Paint tubes and brushes.

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Change, messiness, and leading: A review of “The Art of Leading Change”

May 22, 2023

In his new book The Art of Leading Change: Ten Perspectives on the Messiness of Ministry (Fortress Press, 2023), longtime church consultant and coach Mike Bonem observes,

“Leading congregational change is complex because it always involves people, and people are complex. Despite this complexity, leading change does not need to be based on uninformed guesses about how people might respond. Even the art of leading change involves science, but it’s the science of people—especially the hows and whys that explain the reactions of people to change. These are the perspectives every leader needs to develop.” (p. 3)

Bonem draws from religious and secular business leadership texts to inform his thoughts on church leadership and change. Then he turns to the conversations he has grown to appreciate with artists, those whose work operates more in imagination and aesthetics. The latter pursuits go less considered in the harried work of ministry, as we tend towards metrics (attendance and budgets) more than anything approaching the irenic.

(The Protestant work ethic is rarely known for its creativity. Anguish, yes. Beauty? Not so much…)

Bonem offers his readers ten insights, or perspectives, into the ways one can engage ministry with a better mindset. Change is inevitable, yet our approach to engaging change will determine how well we deal with “the messiness” of ministry, as Bonem terms it. One must lead oneself amid change. Bonem observes,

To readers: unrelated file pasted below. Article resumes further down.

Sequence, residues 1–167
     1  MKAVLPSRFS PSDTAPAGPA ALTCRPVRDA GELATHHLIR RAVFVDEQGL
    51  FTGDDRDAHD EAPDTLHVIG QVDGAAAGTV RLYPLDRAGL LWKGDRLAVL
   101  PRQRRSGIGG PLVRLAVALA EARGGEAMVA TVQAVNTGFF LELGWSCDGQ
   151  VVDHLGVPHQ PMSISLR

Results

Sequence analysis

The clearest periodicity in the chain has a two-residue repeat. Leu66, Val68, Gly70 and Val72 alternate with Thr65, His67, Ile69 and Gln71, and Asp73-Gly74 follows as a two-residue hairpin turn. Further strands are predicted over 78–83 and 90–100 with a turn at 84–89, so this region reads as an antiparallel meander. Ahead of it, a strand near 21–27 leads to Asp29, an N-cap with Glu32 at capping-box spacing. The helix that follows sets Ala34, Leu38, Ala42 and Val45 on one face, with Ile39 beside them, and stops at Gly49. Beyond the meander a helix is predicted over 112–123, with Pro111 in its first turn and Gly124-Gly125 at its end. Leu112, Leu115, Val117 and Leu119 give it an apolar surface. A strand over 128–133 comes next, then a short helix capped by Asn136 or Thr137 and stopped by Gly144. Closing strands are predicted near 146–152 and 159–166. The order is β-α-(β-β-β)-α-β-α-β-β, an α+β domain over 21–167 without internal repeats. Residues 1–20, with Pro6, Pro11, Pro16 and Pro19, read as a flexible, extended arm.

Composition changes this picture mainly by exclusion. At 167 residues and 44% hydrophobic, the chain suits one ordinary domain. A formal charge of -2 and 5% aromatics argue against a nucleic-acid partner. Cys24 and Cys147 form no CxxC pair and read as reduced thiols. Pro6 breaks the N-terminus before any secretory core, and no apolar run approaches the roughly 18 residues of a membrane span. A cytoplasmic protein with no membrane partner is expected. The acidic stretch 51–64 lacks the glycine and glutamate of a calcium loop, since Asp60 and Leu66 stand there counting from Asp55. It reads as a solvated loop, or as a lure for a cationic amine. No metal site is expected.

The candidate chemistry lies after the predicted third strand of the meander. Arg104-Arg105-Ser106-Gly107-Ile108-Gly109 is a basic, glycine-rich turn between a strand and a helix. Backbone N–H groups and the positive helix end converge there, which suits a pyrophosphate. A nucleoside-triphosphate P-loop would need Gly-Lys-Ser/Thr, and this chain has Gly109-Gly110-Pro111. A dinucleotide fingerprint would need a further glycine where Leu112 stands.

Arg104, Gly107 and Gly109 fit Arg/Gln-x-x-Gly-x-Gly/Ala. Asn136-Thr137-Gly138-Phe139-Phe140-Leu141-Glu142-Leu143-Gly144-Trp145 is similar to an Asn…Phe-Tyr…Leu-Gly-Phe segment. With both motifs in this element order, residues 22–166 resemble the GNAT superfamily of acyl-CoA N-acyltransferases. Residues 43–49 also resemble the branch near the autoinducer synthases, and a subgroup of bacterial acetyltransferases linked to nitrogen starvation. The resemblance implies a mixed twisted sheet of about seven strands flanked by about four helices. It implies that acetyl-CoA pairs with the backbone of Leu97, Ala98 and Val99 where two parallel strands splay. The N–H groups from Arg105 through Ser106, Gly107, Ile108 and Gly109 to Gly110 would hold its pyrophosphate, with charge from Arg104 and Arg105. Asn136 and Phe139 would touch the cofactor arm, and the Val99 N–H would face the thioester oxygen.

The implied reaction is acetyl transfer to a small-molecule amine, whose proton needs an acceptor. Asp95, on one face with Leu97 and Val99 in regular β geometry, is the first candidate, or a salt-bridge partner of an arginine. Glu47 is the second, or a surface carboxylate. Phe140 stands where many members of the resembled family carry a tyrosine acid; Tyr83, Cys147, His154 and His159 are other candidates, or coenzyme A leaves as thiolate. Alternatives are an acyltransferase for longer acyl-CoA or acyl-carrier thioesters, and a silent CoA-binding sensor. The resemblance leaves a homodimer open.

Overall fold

For me, the journey of personal change has meant slowing down and listening more. It has pushed me to be more transparent about my emotions, more honest about my mistakes, and more accepting of missteps by others” (p. 7)

With each perspective (“Leading with Trust” to “Heavy Loads Require Strong Teams” to “Who is not in the room?” to name a few), Bonem offers reflections on how leaders can more effectively lead along with brief examples of congregational moments where this perspective helps the leader navigate a challenging time.

In “The Art of Leading Change: Ten Perspectives on the Messiness of Ministry,” Mike Bonem learns from religious and secular business leadership–as well as from artists–to inform his thoughts on church leadership and change. Change is inevitable, yet our approach to engaging change will determine how well we deal with the “messiness” of ministry.

For all church leaders, a time for reflection is sorely needed, as we emerge from the common experience of navigating the COVID-19 pandemic. For three years, we ran a racecourse ill- defined in length, with constantly changing terrain. Churches entered the time without warning, and therefore, we could only carry into the uncertainty the skills and experiences we had. For churches that already had conflict-prone habits and histories, the pandemic shutdowns and public health mandates stressed systems where the reservoir of trust was low, if not already in drought conditions. Working with colleagues around upstate New York, I empathized with those who felt this time of challenge just made some bad things worse in the lives of local congregations. Yet I also respected the willingness of colleagues to embrace experimentation, rethinking how worship could pivot to “virtual” when “in-person worship” became a phrase we had to learn, and something we could not do safely. Of course, now most congregations have remained “tech” friendly, providing options for hybrid participation.